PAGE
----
Saying a farewell to complaining about my small boobs and untoned abs.
You know the scene from Mean Girls, where The Plastics huddle around a mirror talking about all the things they hate about their bodies? Regina George has man shoulders, Gretchen has a weird hairline, and Karen’s hips are huge. And after putting the spotlight on all of their problems, they turn their attention to Caty to which she simply joins in by saying she has bad breath in the morning. Well, for one, if you don’t remember this scene, I’m convinced you’ve been living under a rock or you were born last night. Anyway, my point of recounting Lindsey Lohan’s glory days, is to suggest that this scene is in fact how most girls live out their lives.
Why do we make a group activity out of body complaining?
In fact, this past Thursday a couple friends and I decided to hit this popular 90s-themed party that we heard so much about. After throwing back a couple glasses of wine, because let’s be honest, I’m old and can’t hold shots down like I used to, we started to get dressed. Shedding our clothes on the floor around us, everyone quickly grabbed chunks of their bodies, pointing out our flaws. My boobs are way to small. One girl’s stomach was too fat, another’s thighs looked too thick. We sat there, arguing about who had the most problems and who didn’t need to worry about anything, because they were actually perfect. It went on for almost ten minutes until, like most girl talks, switch to another pressing topic.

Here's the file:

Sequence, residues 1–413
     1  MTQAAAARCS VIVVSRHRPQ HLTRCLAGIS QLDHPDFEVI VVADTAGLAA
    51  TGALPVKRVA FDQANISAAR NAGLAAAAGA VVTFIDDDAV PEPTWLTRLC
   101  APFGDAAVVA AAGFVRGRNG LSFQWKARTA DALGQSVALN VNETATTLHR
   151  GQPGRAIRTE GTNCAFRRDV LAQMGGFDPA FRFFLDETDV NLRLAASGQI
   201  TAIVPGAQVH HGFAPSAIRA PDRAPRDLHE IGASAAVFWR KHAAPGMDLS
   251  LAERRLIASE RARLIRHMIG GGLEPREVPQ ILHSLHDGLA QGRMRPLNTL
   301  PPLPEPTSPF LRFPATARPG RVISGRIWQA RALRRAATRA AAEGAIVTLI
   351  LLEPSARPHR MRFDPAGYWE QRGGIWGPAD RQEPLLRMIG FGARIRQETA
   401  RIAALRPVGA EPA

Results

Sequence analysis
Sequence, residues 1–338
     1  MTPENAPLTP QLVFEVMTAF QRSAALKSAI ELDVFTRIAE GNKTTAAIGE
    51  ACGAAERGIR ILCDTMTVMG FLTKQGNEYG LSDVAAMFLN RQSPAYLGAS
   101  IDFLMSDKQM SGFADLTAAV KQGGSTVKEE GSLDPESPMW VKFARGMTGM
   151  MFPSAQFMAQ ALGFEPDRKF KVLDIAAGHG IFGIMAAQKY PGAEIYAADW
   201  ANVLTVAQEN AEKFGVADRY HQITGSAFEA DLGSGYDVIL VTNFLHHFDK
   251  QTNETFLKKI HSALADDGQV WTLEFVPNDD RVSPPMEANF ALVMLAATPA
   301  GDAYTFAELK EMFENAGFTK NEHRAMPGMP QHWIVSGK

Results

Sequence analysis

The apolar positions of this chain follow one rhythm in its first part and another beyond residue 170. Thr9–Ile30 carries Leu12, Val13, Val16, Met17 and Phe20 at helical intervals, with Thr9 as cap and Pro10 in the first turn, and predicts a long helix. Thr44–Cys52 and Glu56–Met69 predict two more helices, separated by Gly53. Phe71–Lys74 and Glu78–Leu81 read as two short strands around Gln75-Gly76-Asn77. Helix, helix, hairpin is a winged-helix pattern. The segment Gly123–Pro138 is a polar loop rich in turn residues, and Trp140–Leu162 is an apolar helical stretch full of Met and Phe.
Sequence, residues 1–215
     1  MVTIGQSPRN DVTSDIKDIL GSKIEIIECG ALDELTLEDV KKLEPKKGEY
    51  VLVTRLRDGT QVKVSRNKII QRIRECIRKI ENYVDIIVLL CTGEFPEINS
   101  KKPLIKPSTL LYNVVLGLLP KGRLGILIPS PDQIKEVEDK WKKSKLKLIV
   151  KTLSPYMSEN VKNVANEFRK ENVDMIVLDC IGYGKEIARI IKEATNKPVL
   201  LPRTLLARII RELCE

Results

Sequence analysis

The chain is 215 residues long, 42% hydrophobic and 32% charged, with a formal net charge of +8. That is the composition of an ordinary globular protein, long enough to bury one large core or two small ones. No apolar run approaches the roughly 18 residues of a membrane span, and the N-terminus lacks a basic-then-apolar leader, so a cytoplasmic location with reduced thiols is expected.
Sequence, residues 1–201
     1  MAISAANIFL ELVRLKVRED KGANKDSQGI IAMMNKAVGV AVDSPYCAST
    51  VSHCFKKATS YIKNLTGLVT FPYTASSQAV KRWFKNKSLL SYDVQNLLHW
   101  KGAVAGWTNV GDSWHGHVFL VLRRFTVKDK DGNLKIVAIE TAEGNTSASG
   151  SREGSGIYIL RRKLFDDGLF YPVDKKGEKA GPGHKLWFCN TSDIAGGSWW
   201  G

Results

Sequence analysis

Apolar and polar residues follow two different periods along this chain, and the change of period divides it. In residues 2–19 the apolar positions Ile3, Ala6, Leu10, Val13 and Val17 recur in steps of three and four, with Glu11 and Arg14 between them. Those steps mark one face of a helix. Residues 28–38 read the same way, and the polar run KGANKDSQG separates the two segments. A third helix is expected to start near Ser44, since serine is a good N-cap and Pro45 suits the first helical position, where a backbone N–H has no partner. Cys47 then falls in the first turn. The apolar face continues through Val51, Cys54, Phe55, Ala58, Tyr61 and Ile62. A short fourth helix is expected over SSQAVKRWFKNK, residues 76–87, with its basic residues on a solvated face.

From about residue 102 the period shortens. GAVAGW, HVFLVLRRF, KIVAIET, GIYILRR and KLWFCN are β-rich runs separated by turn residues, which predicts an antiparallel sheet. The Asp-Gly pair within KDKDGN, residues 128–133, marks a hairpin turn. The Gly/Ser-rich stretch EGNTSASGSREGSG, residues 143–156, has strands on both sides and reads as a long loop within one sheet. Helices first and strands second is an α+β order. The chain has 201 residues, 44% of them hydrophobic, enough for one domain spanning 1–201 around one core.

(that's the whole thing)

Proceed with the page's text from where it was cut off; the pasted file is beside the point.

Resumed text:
Although I can say that all of us are confident women, in this moment we had become Plastics. No one was a Caty Heron. Why do we make a group activity out of body complaining?
It’s normal to have insecurities and even to focus on them, but it doesn’t mean it’s something to celebrate.
Realistically, every woman has at least one insecurity. Our jaw line could be better, hair could be longer or curlier, a butt could be plumper, or a stomach could be slimmer. It’s normal to have insecurities and even to focus on them, but it doesn’t mean it’s something to celebrate. And actively complaining about them as a girl time chat couldn’t possibly be a way of creating a body positive environment in the room and inside your head.
Admittedly it’s hard to not join in the discussion when everyone has something wrong with them. But if we turn so much attention on not bullying and poking fun at other’s insecurities, why wouldn’t it be a good idea to direct that spirit towards ourselves? Everyone has too much of something or not enough of the other. Some things we can change, some stay forever. But for all the flaws they’re so many greats things about my body that I love. I like my soft skin and my overall frame. So maybe it’s time we said goodbye to the body complaining and when confronted with a similar conversation, be more like Caty. I’m sure everyone’s breath is gross in the morning.